People love to slap acronyms on everything, especially in the technology world. And since that’s where we live, it’s important to define these acronyms – it gets confusing otherwise. From SaaS, IaaS and PaaS to POS, CRM and CMS, techies give you a few letters and assume you know it all. For that reason, let’s make it the unoffical acronym week here.
On Monday we broke down SaaS and today we’ll talk about CMS. If you work for a recreation organization, here’s what you need to know about content management systems (CMS): Continue reading
By this point, you know all about the post-Thanksgiving lineup: Black Friday, Small Business Saturday, Cyber Monday. Basically, every sales outlet from big business to small business and the internet has staked its claim on a day in late November in order to promote sales with discounts. But have you heard about the newest addition, the inaugural GivingTuesday? As you can imagine, it’s a day dedicated to giving rather than shopping. Continue reading
All types of recreation organizations have been doing more with less over the last few years. That trend will continue as budgets remain tight, but service expectations continue to rise. One way to save time and money is with technology, specifically software that can help automate back-office tasks. But organizations have many options when it comes to software ranging from solutions they host themselves to ones hosted by the provider (in the cloud). Today, we’ll break down the latter and why it makes sense in this economy: Continue reading
187 million professionals from 200 countries use LinkedIn to network. But beyond the profile is another great tool: LinkedIn groups. Members set up groups around specific topics in order to gather like-minded people into one place for discussion and information sharing.
The groups that we are highlighting today allow you to network with other rec professionals, stay on top of technology, marketing, programming and budgeting trends; and contribute to discussions and ideas. Although the ranking isn’t scientific, I balanced relevance, discussions and number of members to make the selections. Click each group to learn more and to join: Continue reading
No matter what profession you are in, it’s important to keep up with trends, news, and ideas. If you’re a social media person, that’s easy with blogs like Mashable and Social Media Today. But it’s a bit harder for campus recreation professionals. So today, we’ll cover five resources that can help you stay on top of the industry (note: we’ll lean heavily on NIRSA). Here they are: Continue reading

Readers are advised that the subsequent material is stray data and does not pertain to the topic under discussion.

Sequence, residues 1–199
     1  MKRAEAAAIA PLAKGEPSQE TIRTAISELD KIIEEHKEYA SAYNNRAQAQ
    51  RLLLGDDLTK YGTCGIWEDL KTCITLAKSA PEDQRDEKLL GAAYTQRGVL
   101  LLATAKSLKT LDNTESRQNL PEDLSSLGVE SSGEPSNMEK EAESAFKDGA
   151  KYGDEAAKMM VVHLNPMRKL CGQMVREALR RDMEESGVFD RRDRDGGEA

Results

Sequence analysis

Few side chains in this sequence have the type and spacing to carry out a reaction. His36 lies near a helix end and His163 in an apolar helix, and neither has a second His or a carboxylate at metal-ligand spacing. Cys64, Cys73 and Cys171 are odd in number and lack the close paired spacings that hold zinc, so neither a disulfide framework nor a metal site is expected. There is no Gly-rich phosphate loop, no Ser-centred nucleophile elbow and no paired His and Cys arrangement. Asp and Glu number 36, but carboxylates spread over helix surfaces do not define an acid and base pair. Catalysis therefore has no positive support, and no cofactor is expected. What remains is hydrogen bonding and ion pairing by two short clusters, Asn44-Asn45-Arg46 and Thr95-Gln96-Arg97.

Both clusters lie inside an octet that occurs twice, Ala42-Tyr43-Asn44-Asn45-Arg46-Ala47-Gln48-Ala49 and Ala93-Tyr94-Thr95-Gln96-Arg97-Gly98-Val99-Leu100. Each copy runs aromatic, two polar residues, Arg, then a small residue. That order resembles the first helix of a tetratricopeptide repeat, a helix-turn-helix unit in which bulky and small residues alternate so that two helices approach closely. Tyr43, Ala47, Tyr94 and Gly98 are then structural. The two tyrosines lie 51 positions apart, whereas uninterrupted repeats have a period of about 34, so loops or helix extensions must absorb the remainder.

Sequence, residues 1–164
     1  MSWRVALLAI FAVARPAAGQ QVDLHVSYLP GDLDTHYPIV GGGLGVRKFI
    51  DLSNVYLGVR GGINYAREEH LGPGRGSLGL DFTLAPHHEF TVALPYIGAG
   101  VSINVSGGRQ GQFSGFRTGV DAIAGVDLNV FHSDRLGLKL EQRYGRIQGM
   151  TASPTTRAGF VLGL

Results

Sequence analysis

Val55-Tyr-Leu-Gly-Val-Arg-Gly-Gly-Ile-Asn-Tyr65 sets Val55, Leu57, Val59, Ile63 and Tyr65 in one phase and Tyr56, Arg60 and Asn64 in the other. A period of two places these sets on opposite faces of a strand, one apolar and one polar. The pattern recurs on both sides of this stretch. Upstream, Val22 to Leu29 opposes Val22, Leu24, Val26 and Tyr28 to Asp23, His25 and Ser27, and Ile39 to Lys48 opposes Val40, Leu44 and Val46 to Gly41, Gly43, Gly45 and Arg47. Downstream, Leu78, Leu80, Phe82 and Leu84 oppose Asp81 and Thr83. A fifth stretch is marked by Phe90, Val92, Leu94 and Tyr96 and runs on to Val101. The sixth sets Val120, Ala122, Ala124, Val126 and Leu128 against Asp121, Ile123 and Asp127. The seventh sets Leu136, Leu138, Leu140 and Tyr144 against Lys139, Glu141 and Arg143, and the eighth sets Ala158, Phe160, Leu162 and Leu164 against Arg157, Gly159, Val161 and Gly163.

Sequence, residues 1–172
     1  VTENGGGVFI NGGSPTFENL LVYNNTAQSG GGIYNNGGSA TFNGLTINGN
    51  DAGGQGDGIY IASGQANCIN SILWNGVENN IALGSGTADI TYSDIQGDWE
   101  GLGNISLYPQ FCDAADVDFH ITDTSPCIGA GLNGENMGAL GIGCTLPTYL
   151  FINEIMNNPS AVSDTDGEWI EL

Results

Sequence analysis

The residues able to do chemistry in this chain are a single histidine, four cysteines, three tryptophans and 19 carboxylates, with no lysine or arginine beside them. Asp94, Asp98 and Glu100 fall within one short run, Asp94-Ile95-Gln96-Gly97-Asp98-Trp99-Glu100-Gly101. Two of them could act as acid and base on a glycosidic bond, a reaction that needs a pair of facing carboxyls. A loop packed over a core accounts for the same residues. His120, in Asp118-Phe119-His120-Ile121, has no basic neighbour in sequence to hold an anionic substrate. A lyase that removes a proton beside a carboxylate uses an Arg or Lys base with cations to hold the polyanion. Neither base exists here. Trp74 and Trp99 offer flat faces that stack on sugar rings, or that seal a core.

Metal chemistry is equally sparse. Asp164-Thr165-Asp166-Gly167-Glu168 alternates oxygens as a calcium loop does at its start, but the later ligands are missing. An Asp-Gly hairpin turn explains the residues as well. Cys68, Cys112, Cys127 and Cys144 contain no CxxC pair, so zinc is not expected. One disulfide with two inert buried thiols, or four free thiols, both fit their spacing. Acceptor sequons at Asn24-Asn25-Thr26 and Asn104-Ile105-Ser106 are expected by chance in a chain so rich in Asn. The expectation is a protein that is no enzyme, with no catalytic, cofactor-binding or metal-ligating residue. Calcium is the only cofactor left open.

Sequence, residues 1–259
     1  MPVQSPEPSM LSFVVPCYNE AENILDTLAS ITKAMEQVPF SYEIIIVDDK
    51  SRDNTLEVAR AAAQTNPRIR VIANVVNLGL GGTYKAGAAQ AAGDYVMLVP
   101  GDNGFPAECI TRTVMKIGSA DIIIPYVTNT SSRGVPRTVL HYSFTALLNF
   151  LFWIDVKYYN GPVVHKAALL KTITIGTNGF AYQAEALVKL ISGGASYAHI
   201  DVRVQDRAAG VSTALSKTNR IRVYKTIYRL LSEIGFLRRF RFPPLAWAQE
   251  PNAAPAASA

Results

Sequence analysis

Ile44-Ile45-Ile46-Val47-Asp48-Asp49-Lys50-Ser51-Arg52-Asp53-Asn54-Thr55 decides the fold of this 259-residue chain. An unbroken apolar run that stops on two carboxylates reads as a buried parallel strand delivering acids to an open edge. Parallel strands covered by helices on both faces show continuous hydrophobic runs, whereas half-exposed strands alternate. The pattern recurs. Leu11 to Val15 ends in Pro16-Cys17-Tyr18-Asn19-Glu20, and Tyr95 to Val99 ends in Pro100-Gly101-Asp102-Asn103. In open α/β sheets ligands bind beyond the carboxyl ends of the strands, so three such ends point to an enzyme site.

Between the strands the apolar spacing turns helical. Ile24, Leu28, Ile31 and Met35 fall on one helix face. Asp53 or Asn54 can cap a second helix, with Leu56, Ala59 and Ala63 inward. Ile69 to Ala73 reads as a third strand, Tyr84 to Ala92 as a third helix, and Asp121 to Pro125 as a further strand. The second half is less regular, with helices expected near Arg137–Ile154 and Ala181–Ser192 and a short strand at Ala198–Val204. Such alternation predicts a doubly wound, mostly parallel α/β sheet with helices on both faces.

We all like to focus on the big ticket pages like the homepage, blog, and news page. However, you may be neglecting some important pages on your website that can do a lot to convert visitors to customers and keep websites visitors hanging around when they are lost. Here are three pages you should take a look at to make sure they are effective:
1. Landing pages Continue reading
Over the last few months, a few organizations have covered new trends in recreation. Whether conducting a survey, doing some research or commenting on the industry overall, these organizations have released some interesting data. Today, we will consolidate these resources so you can check out the ones that interest you the most. Here they are: Continue reading
If you’re a stats geek, you like dissecting numbers from Google Analytics, email clickthrough rates and Facebook Insights. But numbers, metrics and statistics can no longer be the interest of just the geeks. Every marketer has to dig into the numbers to determine their promotional effectiveness.
Last week, we talked about the parks and recreation marketing funnel. Wherever you put Analytics in the funnel, it needs to be part of your process. Here are fifteen organic (marketing you don’t directly spend on) metrics to track, tweak, and test for your recreation marketing: Continue reading
Are you a marketing pro for your parks and recreation agency? If you are, there are only three simple areas where you can improve your marketing efforts: You can 1) get more people to see what you have to say, 2) get more people to subscribe, and 3) get more customers. All three phases work in harmony to turn a tweet into a Yoga class registration and a newspaper ad into a pottery class participant.
Next time you look at all of the marketing initiatives you run, organize them into this marketing funnel. That way, you can focus on improving effectiveness at each part of the funnel. In the end, you’ll see more customers. Here is how it works: Continue reading